One of the biggest challenges in finance right now is determining the fundamental economic value of cryptocurrencies. And last week, it made things even more complicated.
Numerous cryptocurrency investors believe that the value of Bitcoin establishes by the fact that it is artificially rare. A hard cap on what know as minting fresh coins also means that around 21 million Bitcoins will exist. It is also popular that Bitcoin’s rate has been dramatically slowing down over time. In this case, it is unlikely to be as national currencies like the Australian dollar.
Dogecoin is a cryptocurrency that gets its name and logo from a Shiba Inu meme that established popularity several years ago. Up to this point, there are now 100 billion Dogecoins in the present. In addition to the roughly five billion new coins that mints every year.
Speculators baffles by the sudden upsurge of almost 800 percent in just 24 hours that happened on January 29. On top of that, many doubted this currency’s having a value for the reason that it has an unlimited supply.
At the time of writing, the meme coin was worth about $5.6 billion on the stock market.
Dogecoin gains popularity
After the pseudonymous Satoshi Nakamoto publicized Bitcoin, Dogecoin had already established its name as being one of the original altcoins.
Seeing things from a technical point of view, Dogecoin does not feature any new advanced methods. Like many existing altcoins, it is based on the original Bitcoin source code.
To add more, it is based on Litecoin, which is reversely based on Bitcoin, with small alterations like faster transactions and removing the supply cap. However, Dogecoin, when seen through a cultural lens, is much more interesting than the others.
Software engineers Billy Markus and Jackson Palmer were the ones who created cryptocurrency. Palmer, being an Australian, has exited the project. Most of all, they did it to disassociate themselves from Bitcoin’s tarnished reputation as money used for illegal activities.
Dogecoin now outlasts almost all early altcoin derivatives and has a thriving investor community. Dogecoin’s users funded the Jamaican bobsled team in 2014. Shortly thereafter, they sponsored NASCAR drivers.
Elon Musk, known for being the world’s richest man, posted a tweet in December last year quoting “One word: Doge.” This publication sent Dogecoin’s value soaring. He is one of the high-profile advocates of the cryptocurrency market.
Collectivism Fosters Innovation
On Reddit’s thread, they believed that Dogecoin’s value made it a new global currency. Musk said on the Clubhouse app that Dogecoin was established as a pun to tease cryptocurrency, but fate likes irony. One of the most intriguing outcomes is that Dogecoin may soon become the worldwide currency.
It is best to view Dogecoin as a cultural product rather than a financial asset. The reality is that cryptocurrency investors seldom see this as a serious investment or treat it as an ordinary trade. Instead, owning Dogecoin means participating in the culture. People buy it because it’s fun, essential, and provides a welcoming and enjoyable experience in the community.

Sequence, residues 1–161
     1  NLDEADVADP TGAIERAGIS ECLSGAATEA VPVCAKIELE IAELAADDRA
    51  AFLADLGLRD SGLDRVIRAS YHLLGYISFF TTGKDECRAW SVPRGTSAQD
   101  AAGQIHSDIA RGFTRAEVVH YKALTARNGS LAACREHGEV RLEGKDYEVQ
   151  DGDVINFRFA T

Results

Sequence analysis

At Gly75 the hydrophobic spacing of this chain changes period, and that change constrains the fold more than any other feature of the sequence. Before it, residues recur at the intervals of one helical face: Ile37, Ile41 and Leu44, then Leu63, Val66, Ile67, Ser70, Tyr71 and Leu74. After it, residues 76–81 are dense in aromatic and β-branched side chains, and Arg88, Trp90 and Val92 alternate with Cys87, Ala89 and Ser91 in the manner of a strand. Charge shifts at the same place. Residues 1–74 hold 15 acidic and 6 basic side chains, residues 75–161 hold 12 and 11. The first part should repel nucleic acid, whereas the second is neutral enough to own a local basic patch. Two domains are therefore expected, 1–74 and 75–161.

If we actually adopt cryptocurrency as a cultural product, then last week’s high changes in Dogecoin’s price actually make sense. The gain came when the meme-centric community drove the share price of video game retailer GameStop from $20 to $360 in only a few days.
This is the first-time behavior, and it’s unlikely to be seen before, making the global financial markets nervous.
R/WallStreetBets was a particularly interesting aspect of the Reddit forum. This aligns with the assumptions on the hedge fund that use as a bet on GameStop’s dividend cut. This somehow makes its users have fun.
With the developers of Dogecoin originally creating it just to have fun, this activity is no surprise.
Dogecoin: The Internet Icon
Few people like to participate in financial markets as a form of consumption like what they are doing for investment. They do this for entertainment, leisure, and to involve in the community.
There is no existing fundamental theorem for pricing art, resulting in having a hard time systematically valuing cultural assets such as Dogecoin compared to financial assets.
By definition, the demand for memecoins will likely change as internet culture shifts. This can transform into a financial bubble instead of a cultural bubble. RMIT professor and crypto-ethnographer, Ellie Rennie, called these “playful infrastructures”.
Studying Dogecoin closely leads us to understand its interplay of technology, culture, and economics.
Some cryptocurrencies make to produce small payments or to be flexible value holders, making them extraordinarily diverse. Some serve as internal tokens for protecting financial privacy or managing smart contracts, supply chains, or power grids.
Bitcoin and Doge coins almost mirror each other. They only differ from their codes for a few parameters, and their economic purpose is entirely different.
Bitcoin quotes as a kind of digital gold, distancing itself from political and economic doubt. On the other hand, Dogecoin adds to a user’s digital wallet for the sole reason that they think it’s funny. Considering that, memes create a big impact in an open digital economy.